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Laos, Thailand to cooperate on migrant workers’ issues

The Lao and Thai authorities agreed to continue their efforts to resolve labour-related issues to ensure safe labour migration. This should include workers get access to permanent employment and being entitled to sound and just welfare measures in Thailand amid the spread of Covid-19.
At a time when Thailand is fighting a tough battle against Covid-19 and new variants of the virus, both countries will review their labour policy to provide help to Lao workers, including those affected by the closure of factories due to the economic downturn brought on by the pandemic.

Thai authorities have also agreed to gather detailed information on migrant workers who left their jobs in Thailand as a result of the Covid-19 outbreak. Most of these workers had jobs in the industrial and services sectors. The migrant workers will have to sign up online and be registered by an employer before mid-September in order to receive a work permit that will be valid until February 2023.
Lao labour authorities and their Thai counterparts discussed these issues during a virtual conference on labour management. They also considered ways to resolve the problem of undocumented workforce, including focusing on helping illegal workers wanting to return home or assisting those who wish to continue working in Thailand legally.
The Director General of the Department of Labour Skill Development and Employment under the Lao Ministry of Labour and Social Welfare, Ms Anousone Khamsingsavath, said that the Lao side proposed to Thai officials that undocumented migrant workers from Laos should be allowed to work legally for about two years till the crisis caused by Covid-19 eases.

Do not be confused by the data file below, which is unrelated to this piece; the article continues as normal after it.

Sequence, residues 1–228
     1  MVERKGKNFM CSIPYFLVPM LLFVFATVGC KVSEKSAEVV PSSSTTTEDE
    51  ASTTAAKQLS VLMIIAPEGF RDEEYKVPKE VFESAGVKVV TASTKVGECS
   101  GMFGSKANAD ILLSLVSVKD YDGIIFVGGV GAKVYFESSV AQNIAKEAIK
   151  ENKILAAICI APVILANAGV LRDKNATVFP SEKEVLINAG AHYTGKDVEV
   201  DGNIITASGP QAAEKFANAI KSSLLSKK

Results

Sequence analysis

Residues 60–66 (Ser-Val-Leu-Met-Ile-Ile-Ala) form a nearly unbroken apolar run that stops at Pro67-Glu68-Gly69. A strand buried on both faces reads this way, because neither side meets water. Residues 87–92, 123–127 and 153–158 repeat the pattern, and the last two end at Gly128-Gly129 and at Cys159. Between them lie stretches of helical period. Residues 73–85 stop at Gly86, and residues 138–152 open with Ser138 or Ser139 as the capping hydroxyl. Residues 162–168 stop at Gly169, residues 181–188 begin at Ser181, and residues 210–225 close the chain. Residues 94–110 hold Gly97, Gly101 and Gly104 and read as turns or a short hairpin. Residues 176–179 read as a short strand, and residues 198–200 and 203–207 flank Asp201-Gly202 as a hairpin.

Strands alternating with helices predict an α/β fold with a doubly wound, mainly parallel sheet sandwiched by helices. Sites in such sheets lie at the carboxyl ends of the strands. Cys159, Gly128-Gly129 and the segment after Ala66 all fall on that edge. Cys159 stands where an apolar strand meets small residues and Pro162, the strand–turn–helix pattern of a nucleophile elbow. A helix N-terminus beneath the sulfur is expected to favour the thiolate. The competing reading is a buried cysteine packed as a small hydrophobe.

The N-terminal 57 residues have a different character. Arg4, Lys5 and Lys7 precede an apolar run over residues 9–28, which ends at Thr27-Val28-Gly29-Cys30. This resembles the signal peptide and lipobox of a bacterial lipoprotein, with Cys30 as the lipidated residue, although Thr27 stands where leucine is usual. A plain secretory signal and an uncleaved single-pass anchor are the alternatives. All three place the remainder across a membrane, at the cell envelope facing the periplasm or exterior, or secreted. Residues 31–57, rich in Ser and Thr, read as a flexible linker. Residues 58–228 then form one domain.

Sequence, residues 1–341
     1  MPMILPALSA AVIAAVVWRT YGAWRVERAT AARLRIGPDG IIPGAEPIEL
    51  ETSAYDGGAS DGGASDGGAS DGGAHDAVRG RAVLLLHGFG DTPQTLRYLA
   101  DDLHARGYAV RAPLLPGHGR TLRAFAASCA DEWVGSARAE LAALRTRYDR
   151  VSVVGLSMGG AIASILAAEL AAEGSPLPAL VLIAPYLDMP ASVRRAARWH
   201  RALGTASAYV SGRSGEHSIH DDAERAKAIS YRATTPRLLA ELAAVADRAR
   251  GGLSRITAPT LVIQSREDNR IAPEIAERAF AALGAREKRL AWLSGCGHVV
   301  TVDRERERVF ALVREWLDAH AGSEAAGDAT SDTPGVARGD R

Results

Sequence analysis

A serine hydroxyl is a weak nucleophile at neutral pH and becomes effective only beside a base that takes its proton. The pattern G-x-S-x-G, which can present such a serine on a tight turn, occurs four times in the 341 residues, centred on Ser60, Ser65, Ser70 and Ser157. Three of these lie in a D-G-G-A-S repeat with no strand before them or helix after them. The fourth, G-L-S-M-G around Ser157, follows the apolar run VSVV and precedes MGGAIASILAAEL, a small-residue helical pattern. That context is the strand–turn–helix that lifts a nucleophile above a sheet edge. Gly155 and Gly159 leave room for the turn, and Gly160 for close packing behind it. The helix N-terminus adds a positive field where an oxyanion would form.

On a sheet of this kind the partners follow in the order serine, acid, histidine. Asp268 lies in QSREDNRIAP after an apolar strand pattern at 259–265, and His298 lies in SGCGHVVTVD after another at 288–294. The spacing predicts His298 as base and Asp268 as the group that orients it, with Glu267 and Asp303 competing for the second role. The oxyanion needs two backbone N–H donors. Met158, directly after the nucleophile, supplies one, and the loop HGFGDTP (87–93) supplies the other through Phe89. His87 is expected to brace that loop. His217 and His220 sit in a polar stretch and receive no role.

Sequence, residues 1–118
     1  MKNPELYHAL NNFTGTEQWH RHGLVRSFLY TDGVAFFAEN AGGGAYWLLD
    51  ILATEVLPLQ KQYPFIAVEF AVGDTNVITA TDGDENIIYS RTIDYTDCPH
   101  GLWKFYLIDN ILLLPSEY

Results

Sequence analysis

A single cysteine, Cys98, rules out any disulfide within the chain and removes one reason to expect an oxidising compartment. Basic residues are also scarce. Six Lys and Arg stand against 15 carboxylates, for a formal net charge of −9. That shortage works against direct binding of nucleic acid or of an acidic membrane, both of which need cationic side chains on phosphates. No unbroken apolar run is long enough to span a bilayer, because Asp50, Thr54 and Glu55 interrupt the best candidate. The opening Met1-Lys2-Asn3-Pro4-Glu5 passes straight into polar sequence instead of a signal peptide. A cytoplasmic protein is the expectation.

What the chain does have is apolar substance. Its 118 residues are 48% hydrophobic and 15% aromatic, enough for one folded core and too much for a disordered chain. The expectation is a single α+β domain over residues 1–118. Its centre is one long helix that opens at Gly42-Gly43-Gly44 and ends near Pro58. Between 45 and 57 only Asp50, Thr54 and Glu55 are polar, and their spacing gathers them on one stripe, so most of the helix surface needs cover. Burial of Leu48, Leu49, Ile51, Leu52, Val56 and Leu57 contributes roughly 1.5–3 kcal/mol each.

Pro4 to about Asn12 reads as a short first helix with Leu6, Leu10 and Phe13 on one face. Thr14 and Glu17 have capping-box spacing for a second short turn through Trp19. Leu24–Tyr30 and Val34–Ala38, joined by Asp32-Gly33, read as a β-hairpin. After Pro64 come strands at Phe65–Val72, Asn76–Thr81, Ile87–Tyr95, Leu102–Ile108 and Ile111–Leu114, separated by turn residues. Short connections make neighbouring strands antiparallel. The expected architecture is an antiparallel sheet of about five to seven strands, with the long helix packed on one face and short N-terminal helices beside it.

She said the Lao authorities also proposed to their Thai counterparts that they should upgrade the nationality status of Lao workers in Thailand, including the provision of benefits as stipulated in social security regulations.
The Lao workers should also be able to access free vaccines in Thailand and Thai authority should ensure employers take responsibility for sending back workers who have been repatriated, she said.
“Every year, we have held a meeting with Thai official’s in-charge of labour management to solve the problem of undocumented workforce by focusing on helping illegal workers who want to return home or continue to work in Thailand legally,” she said.
According to recent reports in the Thai media, the Thai government has begun screening migrant workers in areas at risk, resulting in some employers moving illegal migrant workers out of certain areas to avoid breaking the law.
Thailand has about 2.2 million registered migrant workers, mainly from Myanmar, Cambodia and Laos, but many others work informally in sectors such as fishing, farming, construction and industries.


By Phetphxay Sengpseuth
(Latest Update
July 12,

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